YOKOTA AIR BASE, Japan --
Cold weather, snow and clouds is not an ideal scenario for a mission, but it served as a proper real world training scenario for members of the 459th Airlift Squadron as they completed hoist training at a landing zone near Mt. Fuji, Japan, Jan. 13.
“One of the most important things we gain from these sorties is the experience and the ability to practice what we are potentially going to do in a short moment’s notice,” said Capt. Johnathan Bonilla, 459th Airlift Squadron standards and evaluations chief. “We always gain classroom knowledge where we read about scenarios and how they happen, but being able to get the first-hand experience of this kind of training and potential environmental risks that can take place during a mission is highly beneficial for future scenarios.”
During the scenario, the aircrew performed an alternate insertion of crew members, hoist insertion and extraction from 25-35 feet above ground, and proper landing and take-off techniques throughout various landing zones.
One of the crew members was a flight surgeon, Lt. Col. Valerie Johnson, 374th Medical Group aerospace medicine chief, who served as a ground safety observer for the hoist training.
“Having Johnson fly with us today helped tremendously because one of the personnel was not formally trained in using a hoist,” said Tech. Sgt. Michael Wright, 459th AS special mission aviator evaluator. “When hoisting a person from the ground, we need someone who is qualified to make sure that nothing is going wrong and the person is secured in the hoist harness.”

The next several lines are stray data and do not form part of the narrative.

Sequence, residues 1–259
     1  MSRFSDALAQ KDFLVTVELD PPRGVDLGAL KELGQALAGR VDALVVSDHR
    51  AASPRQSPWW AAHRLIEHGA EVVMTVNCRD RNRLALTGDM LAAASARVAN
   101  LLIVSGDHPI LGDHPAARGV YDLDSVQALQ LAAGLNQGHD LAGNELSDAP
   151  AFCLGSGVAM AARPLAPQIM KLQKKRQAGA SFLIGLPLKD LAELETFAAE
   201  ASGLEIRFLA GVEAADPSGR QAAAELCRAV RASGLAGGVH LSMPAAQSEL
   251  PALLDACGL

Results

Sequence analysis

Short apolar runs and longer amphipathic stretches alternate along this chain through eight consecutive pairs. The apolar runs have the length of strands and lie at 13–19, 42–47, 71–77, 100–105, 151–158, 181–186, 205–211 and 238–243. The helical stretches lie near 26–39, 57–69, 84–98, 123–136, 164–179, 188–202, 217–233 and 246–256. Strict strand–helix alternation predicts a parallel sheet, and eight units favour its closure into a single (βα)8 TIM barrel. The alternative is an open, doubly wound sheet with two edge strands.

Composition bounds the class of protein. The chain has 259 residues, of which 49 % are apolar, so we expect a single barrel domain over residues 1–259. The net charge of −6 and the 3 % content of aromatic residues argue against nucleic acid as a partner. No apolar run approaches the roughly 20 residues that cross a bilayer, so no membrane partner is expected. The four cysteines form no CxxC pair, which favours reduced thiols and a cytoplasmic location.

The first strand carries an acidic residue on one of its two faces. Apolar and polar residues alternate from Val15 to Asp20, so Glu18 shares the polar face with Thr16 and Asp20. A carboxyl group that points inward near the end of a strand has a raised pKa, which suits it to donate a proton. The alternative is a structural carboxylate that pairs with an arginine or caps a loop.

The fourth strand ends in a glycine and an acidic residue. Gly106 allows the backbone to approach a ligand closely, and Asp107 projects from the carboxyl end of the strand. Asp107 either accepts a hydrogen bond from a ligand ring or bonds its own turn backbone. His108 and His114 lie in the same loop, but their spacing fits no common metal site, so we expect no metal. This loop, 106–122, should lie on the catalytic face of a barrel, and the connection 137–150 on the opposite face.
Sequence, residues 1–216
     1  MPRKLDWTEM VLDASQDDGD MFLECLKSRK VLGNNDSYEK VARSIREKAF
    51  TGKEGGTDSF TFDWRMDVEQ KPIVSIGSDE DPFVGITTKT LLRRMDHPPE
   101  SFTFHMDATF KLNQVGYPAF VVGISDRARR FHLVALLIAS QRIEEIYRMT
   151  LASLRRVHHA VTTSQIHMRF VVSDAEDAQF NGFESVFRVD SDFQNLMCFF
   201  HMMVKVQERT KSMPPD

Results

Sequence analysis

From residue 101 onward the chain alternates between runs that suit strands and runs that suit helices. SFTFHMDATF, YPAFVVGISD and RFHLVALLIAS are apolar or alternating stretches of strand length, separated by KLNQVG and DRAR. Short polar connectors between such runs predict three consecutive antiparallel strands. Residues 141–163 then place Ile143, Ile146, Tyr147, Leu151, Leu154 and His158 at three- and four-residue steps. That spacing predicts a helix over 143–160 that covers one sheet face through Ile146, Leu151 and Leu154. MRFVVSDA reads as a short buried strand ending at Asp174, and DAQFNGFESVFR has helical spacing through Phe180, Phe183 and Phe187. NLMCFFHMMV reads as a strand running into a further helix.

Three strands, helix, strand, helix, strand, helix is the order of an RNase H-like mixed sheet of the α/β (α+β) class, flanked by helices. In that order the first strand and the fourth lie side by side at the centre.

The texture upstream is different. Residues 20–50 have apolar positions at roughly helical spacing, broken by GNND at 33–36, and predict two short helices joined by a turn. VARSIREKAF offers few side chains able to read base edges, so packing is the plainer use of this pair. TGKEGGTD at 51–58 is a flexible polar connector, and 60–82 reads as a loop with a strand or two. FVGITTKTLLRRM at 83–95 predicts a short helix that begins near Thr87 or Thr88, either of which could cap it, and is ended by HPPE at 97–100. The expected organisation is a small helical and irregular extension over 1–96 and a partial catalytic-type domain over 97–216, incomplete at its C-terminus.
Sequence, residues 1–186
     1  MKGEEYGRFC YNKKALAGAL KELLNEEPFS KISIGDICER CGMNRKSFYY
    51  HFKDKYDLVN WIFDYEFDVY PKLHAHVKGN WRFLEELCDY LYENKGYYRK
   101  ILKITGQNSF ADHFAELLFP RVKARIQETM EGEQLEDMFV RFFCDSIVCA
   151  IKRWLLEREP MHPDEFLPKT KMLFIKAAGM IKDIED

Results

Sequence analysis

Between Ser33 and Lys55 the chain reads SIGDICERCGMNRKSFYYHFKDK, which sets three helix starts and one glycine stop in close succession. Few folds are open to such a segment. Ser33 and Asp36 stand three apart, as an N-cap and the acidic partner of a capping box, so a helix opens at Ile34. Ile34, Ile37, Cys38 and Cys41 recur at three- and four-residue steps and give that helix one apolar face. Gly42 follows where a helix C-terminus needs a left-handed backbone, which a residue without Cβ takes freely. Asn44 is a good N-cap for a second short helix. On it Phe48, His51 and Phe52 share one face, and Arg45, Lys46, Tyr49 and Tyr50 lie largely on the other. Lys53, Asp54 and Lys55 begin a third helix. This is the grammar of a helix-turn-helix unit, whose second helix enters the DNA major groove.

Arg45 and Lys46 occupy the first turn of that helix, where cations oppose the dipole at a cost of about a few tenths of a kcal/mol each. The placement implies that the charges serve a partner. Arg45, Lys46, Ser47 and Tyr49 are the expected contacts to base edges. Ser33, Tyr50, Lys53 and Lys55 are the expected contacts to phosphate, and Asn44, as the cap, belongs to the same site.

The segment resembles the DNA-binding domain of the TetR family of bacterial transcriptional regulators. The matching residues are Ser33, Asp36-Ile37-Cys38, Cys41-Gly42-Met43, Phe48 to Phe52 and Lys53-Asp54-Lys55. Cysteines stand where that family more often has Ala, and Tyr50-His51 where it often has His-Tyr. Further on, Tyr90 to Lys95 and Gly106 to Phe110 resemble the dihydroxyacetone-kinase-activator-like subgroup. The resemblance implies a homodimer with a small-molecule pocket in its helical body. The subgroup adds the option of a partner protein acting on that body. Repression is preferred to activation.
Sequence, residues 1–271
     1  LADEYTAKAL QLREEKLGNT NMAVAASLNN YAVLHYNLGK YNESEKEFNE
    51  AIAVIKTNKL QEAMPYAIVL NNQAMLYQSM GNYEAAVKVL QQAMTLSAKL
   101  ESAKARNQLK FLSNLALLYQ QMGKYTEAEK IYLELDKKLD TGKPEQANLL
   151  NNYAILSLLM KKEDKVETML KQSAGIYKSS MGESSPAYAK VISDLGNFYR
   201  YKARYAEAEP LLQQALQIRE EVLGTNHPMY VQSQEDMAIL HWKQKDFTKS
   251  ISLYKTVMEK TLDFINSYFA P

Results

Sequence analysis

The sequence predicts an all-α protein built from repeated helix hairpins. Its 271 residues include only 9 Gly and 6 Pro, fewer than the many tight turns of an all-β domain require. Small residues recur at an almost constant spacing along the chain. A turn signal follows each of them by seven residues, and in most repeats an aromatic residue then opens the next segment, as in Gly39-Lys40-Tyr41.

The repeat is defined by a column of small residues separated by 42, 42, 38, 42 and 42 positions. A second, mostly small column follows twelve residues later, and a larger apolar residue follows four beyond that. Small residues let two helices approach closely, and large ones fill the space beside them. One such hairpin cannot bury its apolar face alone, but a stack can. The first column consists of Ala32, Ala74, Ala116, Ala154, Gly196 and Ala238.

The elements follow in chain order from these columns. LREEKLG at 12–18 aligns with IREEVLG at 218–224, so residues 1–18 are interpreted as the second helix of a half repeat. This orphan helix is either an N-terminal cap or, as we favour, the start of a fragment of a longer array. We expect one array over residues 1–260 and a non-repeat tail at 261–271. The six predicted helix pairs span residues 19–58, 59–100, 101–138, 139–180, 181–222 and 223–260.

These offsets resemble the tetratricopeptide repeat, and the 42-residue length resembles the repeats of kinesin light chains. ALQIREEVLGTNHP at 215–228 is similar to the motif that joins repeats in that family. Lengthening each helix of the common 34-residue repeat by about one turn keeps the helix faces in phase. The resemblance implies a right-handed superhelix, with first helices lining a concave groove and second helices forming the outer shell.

The 459th AS improved their search and rescue capabilities by outfitting two UH-1N Iroquois with the rescue hoists last year.
Previously, without the hoist, conducting rescues in small, tight areas wasn't feasible. Now, the 459th AS can conduct any type of search and rescue scenario throughout the Kanto Plains.
“This training helps us strengthen our proficiency in case we need to respond to a real world situation,” Wright said. “The Fuji range allowed us to gain experience by performing our operations within the mountain, experiencing the different wind patterns that take effect and dealing with the cold weather temperatures.”